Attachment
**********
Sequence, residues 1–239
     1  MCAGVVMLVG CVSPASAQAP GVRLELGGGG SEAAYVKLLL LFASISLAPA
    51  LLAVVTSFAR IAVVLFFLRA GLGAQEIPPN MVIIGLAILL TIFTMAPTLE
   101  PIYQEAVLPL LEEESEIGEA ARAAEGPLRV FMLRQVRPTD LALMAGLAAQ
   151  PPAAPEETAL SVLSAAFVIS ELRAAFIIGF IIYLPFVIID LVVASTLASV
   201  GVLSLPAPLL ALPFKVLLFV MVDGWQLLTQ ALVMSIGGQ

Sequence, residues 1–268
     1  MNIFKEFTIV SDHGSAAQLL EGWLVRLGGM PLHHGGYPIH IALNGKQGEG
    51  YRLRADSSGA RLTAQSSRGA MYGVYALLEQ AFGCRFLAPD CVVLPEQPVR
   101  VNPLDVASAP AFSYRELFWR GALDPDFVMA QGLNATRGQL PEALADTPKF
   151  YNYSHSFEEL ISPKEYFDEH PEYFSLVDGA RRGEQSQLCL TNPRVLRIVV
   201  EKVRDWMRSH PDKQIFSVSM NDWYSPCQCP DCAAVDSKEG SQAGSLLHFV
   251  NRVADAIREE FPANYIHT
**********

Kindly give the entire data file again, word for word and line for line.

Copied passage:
Sequence, residues 1–239
     1  MCAGVVMLVG CVSPASAQAP GVRLELGGGG SEAAYVKLLL LFASISLAPA
    51  LLAVVTSFAR IAVVLFFLRA GLGAQEIPPN MVIIGLAILL TIFTMAPTLE
   101  PIYQEAVLPL LEEESEIGEA ARAAEGPLRV FMLRQVRPTD LALMAGLAAQ
   151  PPAAPEETAL SVLSAAFVIS ELRAAFIIGF IIYLPFVIID LVVASTLASV
   201  GVLSLPAPLL ALPFKVLLFV MVDGWQLLTQ ALVMSIGGQ

Sequence, residues 1–268
     1  MNIFKEFTIV SDHGSAAQLL EGWLVRLGGM PLHHGGYPIH IALNGKQGEG
    51  YRLRADSSGA RLTAQSSRGA MYGVYALLEQ AFGCRFLAPD CVVLPEQPVR
   101  VNPLDVASAP AFSYRELFWR GALDPDFVMA QGLNATRGQL PEALADTPKF
   151  YNYSHSFEEL ISPKEYFDEH PEYFSLVDGA RRGEQSQLCL TNPRVLRIVV
   201  EKVRDWMRSH PDKQIFSVSM NDWYSPCQCP DCAAVDSKEG SQAGSLLHFV
   251  NRVADAIREE FPANYIHT